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More dragging, less drawing.

I have had a couple of conversations this past few weeks about the state of design tooling that helped me to crystallise a thought I wanted to share.

The primary tools we are using to design interfaces focus on what I think is quickly becoming a small part of the work of a designer, and neglect what I think is becoming a much more central one.

Figma & Sketch are both fantastic tools for creating novel concepts for user interfaces. Their layout, typography, drawing and colour tools are excellent in helping a designer translate a new idea into a graphical representation of that idea quickly. And this is how I remember designing long ago — empty canvas, draw some stuff, play with some layouts, try a few different concepts, and eventually settle on something.

In 2020 though, that process of starting from a blank canvas feels rare. And the idea that the palette of tools a designer wants to call upon are primarily intended for the creation of something new feels anachronistic.

If design tooling is going to better serve the way designers design software in 2020 and beyond, it needs to do one thing better.

Component Libraries and the assembly of UI need to be central to the creation flow, not tangential to it.

Both Sketch & Figma have support for using component libraries, but the experience of using them feels far less central to the design process than they need to be. Finding and using a component in a library is how I think 90% of design work should begin. Right now, the discoverability of components, and the lack of support for including rich documentation which explains how and when to use a component place a barrier between a designer, and the systems created to make them efficient. This is a problem I observed 3 years ago in my role at Booking.com and which would ultimately lead to the creation of an internal tool to serve this problem - It’s disappointing that this need still isn’t well served.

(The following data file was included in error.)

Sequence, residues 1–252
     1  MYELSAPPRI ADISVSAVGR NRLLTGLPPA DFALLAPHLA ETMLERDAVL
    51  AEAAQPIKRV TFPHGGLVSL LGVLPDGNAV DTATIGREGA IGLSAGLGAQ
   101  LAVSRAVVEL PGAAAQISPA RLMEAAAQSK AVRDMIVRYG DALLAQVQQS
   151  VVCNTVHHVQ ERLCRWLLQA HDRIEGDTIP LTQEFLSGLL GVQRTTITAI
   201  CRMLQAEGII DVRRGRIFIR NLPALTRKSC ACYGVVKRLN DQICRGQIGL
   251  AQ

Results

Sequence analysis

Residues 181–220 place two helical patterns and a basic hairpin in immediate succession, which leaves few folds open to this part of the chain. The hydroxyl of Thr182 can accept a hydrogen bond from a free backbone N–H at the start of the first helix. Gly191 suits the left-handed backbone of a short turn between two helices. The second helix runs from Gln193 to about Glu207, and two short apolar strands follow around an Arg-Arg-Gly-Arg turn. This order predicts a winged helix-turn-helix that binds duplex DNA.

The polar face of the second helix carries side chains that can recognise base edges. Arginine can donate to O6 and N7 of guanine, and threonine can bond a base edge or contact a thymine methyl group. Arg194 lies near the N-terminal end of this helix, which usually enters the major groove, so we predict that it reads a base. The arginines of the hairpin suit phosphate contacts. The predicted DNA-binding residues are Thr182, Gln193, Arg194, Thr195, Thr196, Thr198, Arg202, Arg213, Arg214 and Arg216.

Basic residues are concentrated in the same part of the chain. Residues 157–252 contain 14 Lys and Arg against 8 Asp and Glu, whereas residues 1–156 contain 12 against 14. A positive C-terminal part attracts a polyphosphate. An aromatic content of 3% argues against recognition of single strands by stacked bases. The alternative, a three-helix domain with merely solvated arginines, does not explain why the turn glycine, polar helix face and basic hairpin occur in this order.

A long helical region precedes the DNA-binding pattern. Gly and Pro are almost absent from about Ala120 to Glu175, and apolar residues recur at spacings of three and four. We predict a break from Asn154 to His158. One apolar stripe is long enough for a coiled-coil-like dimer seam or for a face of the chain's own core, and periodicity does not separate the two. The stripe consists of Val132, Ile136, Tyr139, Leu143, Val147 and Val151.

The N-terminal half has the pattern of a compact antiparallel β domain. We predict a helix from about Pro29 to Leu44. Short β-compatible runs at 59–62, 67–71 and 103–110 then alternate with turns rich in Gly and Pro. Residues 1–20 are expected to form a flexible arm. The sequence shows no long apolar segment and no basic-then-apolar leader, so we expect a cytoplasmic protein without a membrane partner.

Design - at least the bit of it that I see and speak to my peers about - has evolved beyond its tools, and I am reminded of the last time this happened - when we collectively let out a huge sigh of relief as we left Photoshop beyond for pastures new. It feels like we’re approaching that kind of shift again, and that the tools that persist over the coming five years will be those that treat design systems and the process of assembly as a first-class citizen and a primary use case.

Published on 2 December 2020 – DesignDesign SystemsWork